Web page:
Nick Hirst wrote about “Experience Architecture” which I found particularly fascinating as someone who started their career in a media agency and was always interested in cognitive psychology – context is key to how we understand or experience a message. My takeout from his article is the need for creative planning that is much more involved in the when, where and how ie. staying involved in the practical application of the idea –  and media planning which is as qualitative as it is quantitative. So many times I’ve encountered media choices that look great on paper (large reach against the right audience at the best price) and yet it’s the wrong moment, the wrong mood and mindset, so it’s unlikely ever to convert people. Whether those two planning roles should be united or separate remains to be seen…

Tom Woodnutt wrote about a concept called “Mutuality”, also highly relevant in modern planning given that like it or not, the influence of the general public on actively shaping your brand is reaching new heights, so you might aswell invite them in. And a philosophy that puts give and take at the heart of brands is definitely something I would support. And Philippa Dunjay wrote about microcutures, which I think is a really fruitful and creatively rich place to look for both target consumer potential, and ideas on how brands can add value.

There were also many excellent pieces by the other shortlisted authors, all on WARC if you have a subscription. In particular I’d check out Brian Millar’s piece which offers a compelling invitation for undervalued planning talent to think beyond advertising agencies and make a mark on the wider world, John Shaw’s voice of experience that elegantly looks at the things that will never change in planning, and Sarah Booth’s piece which is a refreshingly written take on cutting through the trends in plannery thinking and going back to basics.

And when you’ve read all those and for some unfathomable reason still want to read more, I’ve linked to my article below.

Taking a step back, I think I was writing slightly off the topic as my essay probably focuses more on the future of business and brands, than an analysis of the discipline of planning within an agency. But it was an interesting process to work through the essay title and to really think about the work we do as planners. I also found myself tying together some of the recurring strands of thinking which have been bouncing around this blog over the last few years.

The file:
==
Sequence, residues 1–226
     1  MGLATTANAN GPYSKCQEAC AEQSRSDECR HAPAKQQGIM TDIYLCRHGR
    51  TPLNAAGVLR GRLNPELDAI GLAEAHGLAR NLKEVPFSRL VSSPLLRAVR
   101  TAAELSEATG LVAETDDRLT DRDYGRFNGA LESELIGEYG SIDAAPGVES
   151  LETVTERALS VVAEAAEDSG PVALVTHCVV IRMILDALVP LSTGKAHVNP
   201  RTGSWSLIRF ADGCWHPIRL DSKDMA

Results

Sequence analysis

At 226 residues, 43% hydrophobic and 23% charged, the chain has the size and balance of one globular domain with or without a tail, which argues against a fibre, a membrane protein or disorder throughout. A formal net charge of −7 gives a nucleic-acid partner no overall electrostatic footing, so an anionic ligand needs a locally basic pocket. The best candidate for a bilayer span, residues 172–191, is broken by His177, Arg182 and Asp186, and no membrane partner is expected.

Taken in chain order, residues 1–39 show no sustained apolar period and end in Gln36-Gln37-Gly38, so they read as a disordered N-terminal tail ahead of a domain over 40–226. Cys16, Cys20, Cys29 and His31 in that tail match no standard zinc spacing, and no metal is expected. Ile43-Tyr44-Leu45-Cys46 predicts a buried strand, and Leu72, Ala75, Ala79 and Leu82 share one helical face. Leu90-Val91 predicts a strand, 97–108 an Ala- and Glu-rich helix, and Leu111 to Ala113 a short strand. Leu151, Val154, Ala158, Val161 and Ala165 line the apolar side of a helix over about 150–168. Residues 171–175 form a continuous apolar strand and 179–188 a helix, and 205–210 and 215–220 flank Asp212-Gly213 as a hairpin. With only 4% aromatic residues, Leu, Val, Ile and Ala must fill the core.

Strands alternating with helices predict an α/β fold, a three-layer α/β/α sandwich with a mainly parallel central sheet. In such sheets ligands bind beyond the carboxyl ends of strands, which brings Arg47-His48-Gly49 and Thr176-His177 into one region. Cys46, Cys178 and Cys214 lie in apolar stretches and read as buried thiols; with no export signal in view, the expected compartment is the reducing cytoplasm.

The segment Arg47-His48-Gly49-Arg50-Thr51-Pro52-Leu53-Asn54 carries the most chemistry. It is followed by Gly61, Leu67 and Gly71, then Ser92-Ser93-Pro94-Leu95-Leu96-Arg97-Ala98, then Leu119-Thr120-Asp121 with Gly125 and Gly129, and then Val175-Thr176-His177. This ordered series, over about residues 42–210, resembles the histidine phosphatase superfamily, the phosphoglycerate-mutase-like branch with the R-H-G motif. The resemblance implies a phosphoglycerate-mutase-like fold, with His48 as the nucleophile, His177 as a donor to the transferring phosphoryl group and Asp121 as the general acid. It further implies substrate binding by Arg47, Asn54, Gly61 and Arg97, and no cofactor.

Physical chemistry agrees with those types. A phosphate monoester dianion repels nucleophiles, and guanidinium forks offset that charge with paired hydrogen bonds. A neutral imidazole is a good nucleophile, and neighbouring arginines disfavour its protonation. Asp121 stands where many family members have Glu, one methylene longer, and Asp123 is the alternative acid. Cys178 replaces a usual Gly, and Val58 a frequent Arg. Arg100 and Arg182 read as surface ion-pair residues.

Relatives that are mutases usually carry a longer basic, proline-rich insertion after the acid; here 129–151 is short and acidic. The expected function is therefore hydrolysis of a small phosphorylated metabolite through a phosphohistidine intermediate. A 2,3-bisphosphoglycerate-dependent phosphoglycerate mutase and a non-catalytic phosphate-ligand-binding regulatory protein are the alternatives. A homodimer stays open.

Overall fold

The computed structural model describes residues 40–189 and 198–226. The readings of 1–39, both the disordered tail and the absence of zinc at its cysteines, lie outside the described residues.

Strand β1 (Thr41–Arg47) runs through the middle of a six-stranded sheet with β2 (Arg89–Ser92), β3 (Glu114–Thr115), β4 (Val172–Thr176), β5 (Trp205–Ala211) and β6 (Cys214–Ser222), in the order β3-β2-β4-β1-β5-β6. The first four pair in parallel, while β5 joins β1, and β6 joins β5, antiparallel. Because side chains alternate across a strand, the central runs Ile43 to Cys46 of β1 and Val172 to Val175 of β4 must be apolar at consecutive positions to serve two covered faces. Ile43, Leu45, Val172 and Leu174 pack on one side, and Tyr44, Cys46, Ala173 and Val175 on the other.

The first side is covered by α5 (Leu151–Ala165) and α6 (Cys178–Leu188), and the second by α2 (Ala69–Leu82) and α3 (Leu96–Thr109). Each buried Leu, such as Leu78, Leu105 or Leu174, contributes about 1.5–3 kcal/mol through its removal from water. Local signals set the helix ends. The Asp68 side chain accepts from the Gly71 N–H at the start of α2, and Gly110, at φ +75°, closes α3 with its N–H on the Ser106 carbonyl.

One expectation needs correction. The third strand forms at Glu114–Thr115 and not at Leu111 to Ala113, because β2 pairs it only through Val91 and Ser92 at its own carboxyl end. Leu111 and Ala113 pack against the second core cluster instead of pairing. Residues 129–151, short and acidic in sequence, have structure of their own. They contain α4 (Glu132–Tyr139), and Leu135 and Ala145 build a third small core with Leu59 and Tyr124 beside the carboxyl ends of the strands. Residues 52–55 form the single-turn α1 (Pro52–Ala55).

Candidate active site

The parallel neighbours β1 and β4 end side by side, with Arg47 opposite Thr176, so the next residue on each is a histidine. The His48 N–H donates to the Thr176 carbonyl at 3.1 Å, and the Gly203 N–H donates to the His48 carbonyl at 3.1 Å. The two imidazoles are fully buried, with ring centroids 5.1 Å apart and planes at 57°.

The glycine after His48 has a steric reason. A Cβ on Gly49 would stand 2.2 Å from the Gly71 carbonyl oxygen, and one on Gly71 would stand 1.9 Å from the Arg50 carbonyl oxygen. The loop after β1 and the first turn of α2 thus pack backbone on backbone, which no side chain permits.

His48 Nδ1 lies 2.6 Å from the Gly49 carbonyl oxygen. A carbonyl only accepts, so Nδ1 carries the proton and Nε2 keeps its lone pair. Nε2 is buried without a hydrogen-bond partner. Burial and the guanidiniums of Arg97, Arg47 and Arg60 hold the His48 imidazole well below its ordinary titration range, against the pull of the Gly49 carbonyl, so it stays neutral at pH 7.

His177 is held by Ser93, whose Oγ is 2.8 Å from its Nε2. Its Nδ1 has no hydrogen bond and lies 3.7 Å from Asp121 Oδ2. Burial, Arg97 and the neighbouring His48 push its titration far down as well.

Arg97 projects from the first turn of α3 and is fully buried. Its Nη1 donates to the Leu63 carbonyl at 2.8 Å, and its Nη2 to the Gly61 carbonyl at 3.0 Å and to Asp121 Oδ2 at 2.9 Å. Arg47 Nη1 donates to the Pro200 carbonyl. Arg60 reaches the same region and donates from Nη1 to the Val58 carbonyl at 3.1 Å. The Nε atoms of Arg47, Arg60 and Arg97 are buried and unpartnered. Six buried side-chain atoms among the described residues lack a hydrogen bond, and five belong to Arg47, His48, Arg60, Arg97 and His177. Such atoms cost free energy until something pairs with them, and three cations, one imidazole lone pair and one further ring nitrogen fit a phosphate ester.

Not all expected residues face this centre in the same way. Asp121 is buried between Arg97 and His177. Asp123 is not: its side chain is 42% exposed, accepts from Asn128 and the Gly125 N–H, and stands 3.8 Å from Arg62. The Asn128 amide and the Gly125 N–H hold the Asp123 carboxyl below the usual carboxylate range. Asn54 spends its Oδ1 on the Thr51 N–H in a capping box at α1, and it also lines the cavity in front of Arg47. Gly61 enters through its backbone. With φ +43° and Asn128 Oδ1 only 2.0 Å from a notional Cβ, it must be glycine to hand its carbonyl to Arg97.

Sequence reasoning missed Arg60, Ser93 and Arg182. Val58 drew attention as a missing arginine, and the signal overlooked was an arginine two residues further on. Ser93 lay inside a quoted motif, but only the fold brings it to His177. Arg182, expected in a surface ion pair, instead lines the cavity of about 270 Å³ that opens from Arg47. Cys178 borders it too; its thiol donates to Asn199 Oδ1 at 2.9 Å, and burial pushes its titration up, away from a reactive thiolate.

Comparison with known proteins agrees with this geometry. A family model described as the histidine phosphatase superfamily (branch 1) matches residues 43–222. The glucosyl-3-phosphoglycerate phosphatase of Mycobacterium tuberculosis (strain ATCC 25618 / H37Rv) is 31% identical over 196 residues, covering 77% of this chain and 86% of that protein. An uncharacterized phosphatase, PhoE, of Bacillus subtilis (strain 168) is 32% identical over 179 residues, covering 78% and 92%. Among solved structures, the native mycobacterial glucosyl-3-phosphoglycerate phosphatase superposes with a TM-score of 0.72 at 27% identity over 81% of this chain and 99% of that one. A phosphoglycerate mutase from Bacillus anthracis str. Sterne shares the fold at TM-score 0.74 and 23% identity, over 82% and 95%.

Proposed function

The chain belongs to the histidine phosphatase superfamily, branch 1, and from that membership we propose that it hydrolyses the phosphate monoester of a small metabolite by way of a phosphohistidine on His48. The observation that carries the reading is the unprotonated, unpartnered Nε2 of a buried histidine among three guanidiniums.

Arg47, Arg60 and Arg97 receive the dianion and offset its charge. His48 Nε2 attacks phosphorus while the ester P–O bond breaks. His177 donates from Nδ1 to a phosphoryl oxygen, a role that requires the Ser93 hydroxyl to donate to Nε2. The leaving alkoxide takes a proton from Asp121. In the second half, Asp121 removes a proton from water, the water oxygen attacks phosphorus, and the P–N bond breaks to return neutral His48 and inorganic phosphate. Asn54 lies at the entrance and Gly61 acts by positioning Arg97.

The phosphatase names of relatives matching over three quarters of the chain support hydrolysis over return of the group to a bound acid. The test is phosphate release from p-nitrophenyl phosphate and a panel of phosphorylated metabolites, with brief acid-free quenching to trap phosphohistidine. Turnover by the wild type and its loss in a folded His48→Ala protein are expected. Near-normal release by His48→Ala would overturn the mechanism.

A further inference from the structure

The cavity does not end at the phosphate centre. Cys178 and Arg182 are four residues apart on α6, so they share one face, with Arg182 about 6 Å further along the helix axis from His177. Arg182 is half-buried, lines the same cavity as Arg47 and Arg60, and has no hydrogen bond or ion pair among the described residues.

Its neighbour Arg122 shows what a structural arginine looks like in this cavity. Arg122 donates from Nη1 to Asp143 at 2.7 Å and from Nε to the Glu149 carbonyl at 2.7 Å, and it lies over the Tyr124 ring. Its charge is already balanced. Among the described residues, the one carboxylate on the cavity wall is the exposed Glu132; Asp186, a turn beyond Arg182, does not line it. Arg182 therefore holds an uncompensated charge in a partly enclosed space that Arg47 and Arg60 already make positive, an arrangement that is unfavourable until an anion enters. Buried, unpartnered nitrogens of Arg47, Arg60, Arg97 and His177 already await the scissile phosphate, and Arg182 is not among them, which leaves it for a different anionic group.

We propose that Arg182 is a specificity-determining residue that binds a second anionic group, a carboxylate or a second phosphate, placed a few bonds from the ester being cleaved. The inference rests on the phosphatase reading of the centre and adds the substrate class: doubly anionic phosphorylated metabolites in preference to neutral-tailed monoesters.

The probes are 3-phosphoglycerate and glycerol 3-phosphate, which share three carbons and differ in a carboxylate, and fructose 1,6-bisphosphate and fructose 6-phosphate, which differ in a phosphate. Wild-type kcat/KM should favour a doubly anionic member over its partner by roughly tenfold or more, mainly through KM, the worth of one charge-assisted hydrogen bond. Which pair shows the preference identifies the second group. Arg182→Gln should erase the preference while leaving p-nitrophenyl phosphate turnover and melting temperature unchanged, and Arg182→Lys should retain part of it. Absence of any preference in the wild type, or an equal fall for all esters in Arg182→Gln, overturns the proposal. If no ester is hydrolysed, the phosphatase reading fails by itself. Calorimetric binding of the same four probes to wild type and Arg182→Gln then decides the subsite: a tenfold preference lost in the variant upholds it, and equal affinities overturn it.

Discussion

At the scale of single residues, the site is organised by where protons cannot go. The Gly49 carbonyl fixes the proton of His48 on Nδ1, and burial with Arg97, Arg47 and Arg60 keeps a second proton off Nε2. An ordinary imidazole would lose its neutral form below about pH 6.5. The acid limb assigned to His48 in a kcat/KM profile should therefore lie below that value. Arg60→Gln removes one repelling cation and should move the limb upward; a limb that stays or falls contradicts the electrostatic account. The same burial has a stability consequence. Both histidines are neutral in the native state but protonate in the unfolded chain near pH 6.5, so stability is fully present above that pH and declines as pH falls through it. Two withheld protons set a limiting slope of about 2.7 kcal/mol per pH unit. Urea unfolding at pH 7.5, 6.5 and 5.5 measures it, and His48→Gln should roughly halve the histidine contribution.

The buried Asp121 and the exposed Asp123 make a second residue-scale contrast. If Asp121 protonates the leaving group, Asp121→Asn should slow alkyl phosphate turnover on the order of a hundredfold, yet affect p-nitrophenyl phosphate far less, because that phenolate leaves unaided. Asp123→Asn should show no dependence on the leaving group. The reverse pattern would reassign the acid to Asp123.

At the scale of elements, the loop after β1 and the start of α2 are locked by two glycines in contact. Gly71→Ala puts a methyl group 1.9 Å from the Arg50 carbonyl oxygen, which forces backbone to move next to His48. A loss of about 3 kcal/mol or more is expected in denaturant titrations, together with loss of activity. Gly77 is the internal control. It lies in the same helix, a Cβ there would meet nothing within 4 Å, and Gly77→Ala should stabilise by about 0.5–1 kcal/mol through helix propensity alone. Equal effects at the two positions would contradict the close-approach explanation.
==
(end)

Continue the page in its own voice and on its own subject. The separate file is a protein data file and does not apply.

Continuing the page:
Would love to hear your thoughts…  Do you see any truth in the wisdom argument, or have I lost the wood for the trees?

Wise Planning by Neasa Cunniffe

Fear and Failure

There were several common themes running through the talks at the BrainFoodStore digital conference last week, one of which the speakers themselves picked up on in the panel discussion at the end: fear of failure.

They were responding specifically to audience questions around clients and companies who are afraid to take the leap into social media, where the rules are fluid and the risks seem high. But this fear of failure can be found in many other aspects of our business too and the effects are potentially fatal.

Whether it’s a company culture, or a defining characteristic of a client-agency relationship – how we approach and think about failure is a marker of whether or not we’ll ultimately succeed.

Fear is a plague in any organisation. If an environment is full of people who are quick to criticise, jump into the negative, or actively seek out points to challenge, it’s no wonder that the resultant work becomes cautious and insipid. It doesn’t matter whether these critiques are valid; what matters is the effect they have on innovation.

When fear takes over, tasks are completed with the aim of satisfying expectations, not pushing boundaries. People move away from imagination and into bureaucracy, because accepted ideas and standardised methods won’t garner recrimination. We over-research, over-rationalise and push out decisions because we’re not ready. 

Martin Bailie insightfully pointed out that if you wait too long to try, you’ll make all your mistakes in public. By the time you decide to catch up with the world, everyone else will be ten steps ahead of you. The lesson is obvious – if failure is a necessary step on the road to success, you need to try and fail early.

Banish fear, embrace failure and learn while the stakes are low.